Fluoroscopy

Fluoroscopy:
Fluoroscopy is a special form of X-ray. Using fluoroscopy, X-ray images can be viewed like an X-ray movie, and the radiologist can see internal organs like the colon in motion. Fluoroscopy also helps the radiologist understand how some organs like the stomach empty the food you eat and determine if the stomach is working well.

Radiologists and radiologic technologists are specially trained to use the minimum amount of X-rays needed to produce a diagnostic image. These experts understand how to image both adults and children safely.

How to Prepare and the Exam:
Depending on the exam ordered by your physician, you may be instructed to not eat or drink anything for several hours before your procedure. You may be given a special set of instructions on how to prepare for your exam by your physician. Certain exams will require you to have your blood drawn before the exam is done.

You may be asked to remove some or all of your clothes and to wear radiology attire during the exam. You may also be asked to remove jewelry, removable dental appliances, eye glasses and any metal objects or clothing that might interfere with the x-ray images.

Women should always inform their physician and x-ray technologist if there is any possibility that they are pregnant. Many imaging tests are not performed during pregnancy so as not to expose the fetus to radiation. If an x-ray is necessary, precautions will be taken to minimize radiation exposure to the baby.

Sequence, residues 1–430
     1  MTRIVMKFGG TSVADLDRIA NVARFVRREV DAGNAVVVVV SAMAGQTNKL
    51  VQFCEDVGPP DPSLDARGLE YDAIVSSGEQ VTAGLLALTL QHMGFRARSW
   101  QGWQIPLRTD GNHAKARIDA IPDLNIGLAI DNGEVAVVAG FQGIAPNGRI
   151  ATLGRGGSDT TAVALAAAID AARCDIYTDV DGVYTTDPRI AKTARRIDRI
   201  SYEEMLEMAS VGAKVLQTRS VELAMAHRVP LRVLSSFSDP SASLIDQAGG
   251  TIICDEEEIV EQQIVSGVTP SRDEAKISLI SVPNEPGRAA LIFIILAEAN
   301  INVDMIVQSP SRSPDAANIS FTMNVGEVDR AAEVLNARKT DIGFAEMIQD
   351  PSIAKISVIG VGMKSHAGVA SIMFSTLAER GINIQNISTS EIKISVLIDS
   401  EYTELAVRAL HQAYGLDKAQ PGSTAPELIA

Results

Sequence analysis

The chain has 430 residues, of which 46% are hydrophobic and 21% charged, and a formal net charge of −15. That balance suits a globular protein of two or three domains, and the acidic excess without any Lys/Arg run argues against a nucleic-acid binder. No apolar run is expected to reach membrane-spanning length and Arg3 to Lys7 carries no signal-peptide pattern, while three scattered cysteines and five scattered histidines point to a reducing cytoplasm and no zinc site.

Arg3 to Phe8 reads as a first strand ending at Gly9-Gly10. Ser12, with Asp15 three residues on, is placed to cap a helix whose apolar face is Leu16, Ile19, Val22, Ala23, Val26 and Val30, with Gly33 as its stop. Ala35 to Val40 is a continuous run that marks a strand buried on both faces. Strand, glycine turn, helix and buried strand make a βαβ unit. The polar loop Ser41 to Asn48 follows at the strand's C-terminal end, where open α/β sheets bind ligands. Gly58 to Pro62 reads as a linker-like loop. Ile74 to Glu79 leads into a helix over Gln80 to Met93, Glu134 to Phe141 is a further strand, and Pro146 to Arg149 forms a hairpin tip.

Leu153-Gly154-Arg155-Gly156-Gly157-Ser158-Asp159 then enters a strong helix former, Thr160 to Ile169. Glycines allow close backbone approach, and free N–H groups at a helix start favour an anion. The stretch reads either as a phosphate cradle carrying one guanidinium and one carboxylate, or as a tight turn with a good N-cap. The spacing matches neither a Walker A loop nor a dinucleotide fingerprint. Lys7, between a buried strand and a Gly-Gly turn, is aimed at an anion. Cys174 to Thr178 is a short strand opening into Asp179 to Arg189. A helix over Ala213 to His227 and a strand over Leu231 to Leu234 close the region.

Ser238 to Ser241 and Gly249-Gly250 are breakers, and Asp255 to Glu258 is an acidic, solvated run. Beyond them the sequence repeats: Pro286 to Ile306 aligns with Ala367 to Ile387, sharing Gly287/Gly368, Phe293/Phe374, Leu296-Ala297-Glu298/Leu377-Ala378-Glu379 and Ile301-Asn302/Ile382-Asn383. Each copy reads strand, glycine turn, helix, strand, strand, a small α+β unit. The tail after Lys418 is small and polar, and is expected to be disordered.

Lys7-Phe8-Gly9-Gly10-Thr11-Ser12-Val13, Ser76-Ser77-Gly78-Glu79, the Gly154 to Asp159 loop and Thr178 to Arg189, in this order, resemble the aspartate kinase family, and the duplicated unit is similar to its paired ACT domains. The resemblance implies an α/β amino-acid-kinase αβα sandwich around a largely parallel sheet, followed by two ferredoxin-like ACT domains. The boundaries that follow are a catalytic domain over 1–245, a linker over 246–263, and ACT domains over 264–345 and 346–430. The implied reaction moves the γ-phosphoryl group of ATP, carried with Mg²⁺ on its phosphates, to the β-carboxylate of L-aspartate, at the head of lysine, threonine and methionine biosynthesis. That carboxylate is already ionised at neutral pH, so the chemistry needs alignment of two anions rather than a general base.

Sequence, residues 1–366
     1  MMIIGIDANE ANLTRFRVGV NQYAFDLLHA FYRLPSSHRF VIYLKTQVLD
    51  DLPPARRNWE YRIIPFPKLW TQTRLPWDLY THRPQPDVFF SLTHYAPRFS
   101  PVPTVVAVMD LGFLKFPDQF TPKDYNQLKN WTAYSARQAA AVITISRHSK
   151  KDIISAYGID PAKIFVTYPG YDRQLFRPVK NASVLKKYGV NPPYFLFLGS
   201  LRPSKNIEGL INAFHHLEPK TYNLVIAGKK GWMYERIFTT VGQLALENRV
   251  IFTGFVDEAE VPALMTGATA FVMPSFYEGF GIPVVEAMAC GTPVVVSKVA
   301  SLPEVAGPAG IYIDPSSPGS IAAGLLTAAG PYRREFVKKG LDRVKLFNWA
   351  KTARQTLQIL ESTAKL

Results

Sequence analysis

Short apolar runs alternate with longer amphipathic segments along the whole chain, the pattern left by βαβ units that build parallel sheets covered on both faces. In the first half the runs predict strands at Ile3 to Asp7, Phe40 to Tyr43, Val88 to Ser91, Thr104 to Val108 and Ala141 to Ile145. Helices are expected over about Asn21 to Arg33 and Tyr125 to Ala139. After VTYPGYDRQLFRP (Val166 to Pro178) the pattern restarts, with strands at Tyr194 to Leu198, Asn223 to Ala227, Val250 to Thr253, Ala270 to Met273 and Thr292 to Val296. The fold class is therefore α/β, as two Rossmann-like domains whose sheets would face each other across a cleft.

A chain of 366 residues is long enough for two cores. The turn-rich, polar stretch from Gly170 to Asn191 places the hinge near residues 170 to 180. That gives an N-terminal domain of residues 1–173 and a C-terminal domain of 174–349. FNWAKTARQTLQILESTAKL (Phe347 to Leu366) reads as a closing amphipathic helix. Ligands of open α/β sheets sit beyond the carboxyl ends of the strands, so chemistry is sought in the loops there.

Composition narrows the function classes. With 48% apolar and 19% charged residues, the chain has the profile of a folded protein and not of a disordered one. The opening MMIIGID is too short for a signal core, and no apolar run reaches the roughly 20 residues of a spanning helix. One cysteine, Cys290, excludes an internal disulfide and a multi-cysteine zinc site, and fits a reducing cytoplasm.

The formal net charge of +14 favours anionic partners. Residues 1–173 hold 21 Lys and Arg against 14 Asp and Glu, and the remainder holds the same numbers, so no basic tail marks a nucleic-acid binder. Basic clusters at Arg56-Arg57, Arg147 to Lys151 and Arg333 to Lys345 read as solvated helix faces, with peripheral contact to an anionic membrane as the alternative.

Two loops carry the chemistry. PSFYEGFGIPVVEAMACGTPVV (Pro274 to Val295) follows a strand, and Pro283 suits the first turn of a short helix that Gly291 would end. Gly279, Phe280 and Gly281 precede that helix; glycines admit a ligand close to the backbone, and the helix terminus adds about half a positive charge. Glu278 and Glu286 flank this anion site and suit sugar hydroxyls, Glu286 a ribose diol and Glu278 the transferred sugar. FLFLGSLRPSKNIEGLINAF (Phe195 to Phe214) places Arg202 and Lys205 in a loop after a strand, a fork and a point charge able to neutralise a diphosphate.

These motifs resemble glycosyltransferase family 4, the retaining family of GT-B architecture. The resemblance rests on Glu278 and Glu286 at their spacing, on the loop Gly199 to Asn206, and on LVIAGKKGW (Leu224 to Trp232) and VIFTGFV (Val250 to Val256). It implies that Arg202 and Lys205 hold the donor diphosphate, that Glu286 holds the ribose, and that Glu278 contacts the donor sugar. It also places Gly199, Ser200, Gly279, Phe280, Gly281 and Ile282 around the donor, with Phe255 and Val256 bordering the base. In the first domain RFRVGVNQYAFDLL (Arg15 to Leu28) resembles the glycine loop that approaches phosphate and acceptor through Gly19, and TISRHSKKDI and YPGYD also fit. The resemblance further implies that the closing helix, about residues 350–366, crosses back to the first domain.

Depending on the area of interest, you may be placed on the X-ray table or the exam may be done standing. Various X-rays may be taken at different angles to best visualize the area. The duration of the exam may take from 30 minutes to 2 hours.

After the Procedure:
When the examination is complete, you may be asked to dress and wait while the images are reviewed. Depending on the exam type, you may be asked to drink plenty of fluids to flush the barium or contrast out of your system. If you had barium, your stools may appear white, as your body clears the barium from your system.

A radiologist will review the images and send a report to your referring doctor. You will receive your results from the doctor who ordered the test.

Call Your Doctor:
For Barium Studies: If you do not have a bowel movement for more than 2 days after your exam, or you cannot pass gas through your rectum.
For Contrast Studies, complications are rare. If you were given contrast, call your doctor if any of the following occurs after the exam:

Hives
Itching
Nausea
Swollen, itchy eyes or lips
Tightness of the throat
Difficulty breathing
Types of Fluoroscopy Exams
Arthrogram
Barium Enema
Barium Swallow or Esophagram
Video Esophagram or Modified Swallow
Enteroclysis
Epidural and Facet Injections
Hysterosalpingogram (HSG)
Intravenous Pyelogram (IVP)
Lumbar Puncture
Myelogram
Small Bowel Series
Sniff Test (Chest Fluoroscopy)
Upper GI series
Voiding Cystogram or Retrograde Cystogram